Having previously traveled as a family to the USA and Europe, we wanted to take the kids a bit further out of their comfort zone. We bounced all sorts of ideas around but so many places just didn’t feel right. Some countries that appealed came with high risks of sickness, and we knew that sick kids equals no fun. Japan had always been on our bucket list, but its reputation as an expensive destination meant we had never considered it for a family adventure. The idea came to me one rainy weekend morning and I just couldn’t get it out of my head. What better way to spend a rainy afternoon than racing around the internet doing some quick research on a new country. By the end of the day I was convinced it warranted further research and the Lonely Planets were ordered from the library. By the end if the week I was convinced we should go.
The biggest challenge was when to go. The kids quickly discovered Japan’s reputation for awesome snow and wanted to incorporate some skiing. We were keen to take in the famous cherry blossom season. I like the NCEA school system, but it’s not well suited to sneaking your kids out of school. The obvious option was to go in the summer holidays, but Anna in particular was reluctant to lose a good chunk of summer again. In the end we settled on the Easter Holidays plus a bit extra – a slightly risky option for the skiing but a chance to see Japan at its best with the blossoms. Not an ideal time for my work with financial year end, but I got round that by taking some work with me. We sneaked the kids out of school for 6 days – officially we got the naughty parents letter from the school (legislation prevents them blessing absences of greater than 5 days!) but off the record they were pretty supportive.
This was the first family adventure to a completely new country, but we had a few pre-conceived ideas. Some of it was what we expected but there were definitely a few surprises. The Japanese have a reputation for being polite and friendly, but we were blown away by just how kind they were. The people we met were consistently kind, happy, friendly and super-helpful. They went out of their way to help us and this was a common theme that other tourists we met always commented on too. The weather was a bit of a surprise. As an island nation like NZ, I had expected Japanese weather to be a bit like home. It reminded us more of British weather with very little wind, lots of boring clouds and steady light rain. We got our fair share of nice weather as well, and it was quite funny that our warmest weather was at the snow. Possibly the biggest surprise of all was that Japan produces really great ice cream and chocolate at bargain basement prices!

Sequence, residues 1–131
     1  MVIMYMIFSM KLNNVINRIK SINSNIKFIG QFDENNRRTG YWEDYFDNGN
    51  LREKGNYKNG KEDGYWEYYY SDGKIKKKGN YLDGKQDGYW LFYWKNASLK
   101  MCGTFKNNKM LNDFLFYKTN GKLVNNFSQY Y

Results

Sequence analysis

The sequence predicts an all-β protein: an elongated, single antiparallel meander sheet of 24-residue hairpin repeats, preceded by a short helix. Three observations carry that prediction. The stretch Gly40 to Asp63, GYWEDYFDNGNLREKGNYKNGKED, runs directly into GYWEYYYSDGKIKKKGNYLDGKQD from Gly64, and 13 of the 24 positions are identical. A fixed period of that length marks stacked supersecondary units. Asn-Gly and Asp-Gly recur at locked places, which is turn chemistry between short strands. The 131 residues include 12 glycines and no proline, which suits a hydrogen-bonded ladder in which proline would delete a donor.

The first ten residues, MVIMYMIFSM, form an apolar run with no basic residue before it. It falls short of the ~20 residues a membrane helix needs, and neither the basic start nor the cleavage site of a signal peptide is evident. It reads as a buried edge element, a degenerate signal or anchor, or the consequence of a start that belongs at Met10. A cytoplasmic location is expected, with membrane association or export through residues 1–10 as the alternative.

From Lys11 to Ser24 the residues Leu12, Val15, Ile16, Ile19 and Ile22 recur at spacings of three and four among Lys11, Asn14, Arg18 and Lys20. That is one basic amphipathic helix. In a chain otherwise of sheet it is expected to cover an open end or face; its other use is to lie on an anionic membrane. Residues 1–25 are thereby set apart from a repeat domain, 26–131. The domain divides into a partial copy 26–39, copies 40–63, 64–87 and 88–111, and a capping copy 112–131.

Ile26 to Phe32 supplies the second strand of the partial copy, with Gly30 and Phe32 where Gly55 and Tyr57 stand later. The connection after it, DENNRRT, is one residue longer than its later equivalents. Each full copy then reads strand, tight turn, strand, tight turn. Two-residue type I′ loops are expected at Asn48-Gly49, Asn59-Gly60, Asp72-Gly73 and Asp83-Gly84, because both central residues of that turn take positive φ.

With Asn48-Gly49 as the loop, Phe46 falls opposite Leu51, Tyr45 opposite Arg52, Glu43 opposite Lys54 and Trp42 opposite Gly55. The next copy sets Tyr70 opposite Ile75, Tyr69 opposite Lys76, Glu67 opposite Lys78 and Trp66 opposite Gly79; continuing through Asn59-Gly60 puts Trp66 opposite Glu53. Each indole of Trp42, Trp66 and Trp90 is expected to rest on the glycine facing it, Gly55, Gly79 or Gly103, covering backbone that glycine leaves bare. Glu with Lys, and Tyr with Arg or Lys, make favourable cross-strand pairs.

We expected Japan to be at the leading edge of technology and in a lot of ways it was. Apart from the multitude of technology shops, the Japanese manage to add technology to all sorts of things. Heaters that talked, automatic car doors and most of all the toilets. A simple trip to the loo was transformed in Japan. There were buttons to wash (with choices for water pressure, temperature, spray type etc.) buttons to dry, buttons for noise (to absorb the embarrassing sounds…..) and heated toilet seats. A lot of these buttons were a complete mystery as they were all in Japanese. Pushing random buttons gave interesting results, although sometimes there would be English translations to enlighten us. We felt better when Sachiyo admitted that even the locals get baffled by all the buttons. And then at the other end of the toilet spectrum were the Japanese squat toilets which came in two varieties – elevated or not. It was an interesting experience negotiating an elevated Japanese style toilet at 300km/hour on a bullet train.
But for all the technology, in some ways the country was strangely backwards – cash is still King in Japan and very few places take credit cards. With the smallest note 1,000 yen (more than $10), you quickly accumulate a large coin collection. Fortunately there are 5 million vending machines just waiting to eat your coins, although they don’t take 5 or 1 yen coins. Thankfully kind shopkeepers take pity on you and accept large quantities of these low value coins. The systems for things like railway bookings felt like a technology time-warp. I suspect the systems were leading edge 20 years ago, but they haven’t moved on. Maybe there is no money to upgrade them now the boom times are over.
Japan offers the traveller an incredible variety of experiences. We would have loved to have been there for longer and explored beyond the main island of Honshu. But we left feeling that we had made the most of our time. There were so many highlights that it’s impossible to pick our favourites, but undoubtedly the trip was made more special by our time spent with the Sasaki family.
So here we are back in NZ after 17,000+ air kilometres, 5,000 bullet train kilometres and we hate to think how many kilometres on foot. Japan seems to be largely undiscovered by Kiwis (the Aussies are definitely ahead on this one) but we would highly recommend it as a wonderful travel destination. I’ll finish this blog with our family tradition, the winners of the Creahan Japan Awards 2015….
Best restaurant – Buna Restaurant on the mountain
Best accommodation – Acco’s house, Kyoto
Best theme park – Disneysea (narrowly beating out USJ)
Best ride – Steel Dragon 2000, Nagashima Spa Land
Best shopping – Everywhere!
Best sweet treat – Steamed apple bun, Nozawa Onsen
Best entertainment – Baseball game, Tokyo Giants vs Hiroshima Carps
Most crowded place -Shibuya Crossing, Tokyo
Best view – Mount Kenashi summit, Nozawa Onsen
Best service -Villa Nozawa, Nozawa Onsen
Best cherry blossoms -Shinjuku Gyoen,Tokyo
Most impressive architecture – Himeji Castle
Nicest people – Sasaki family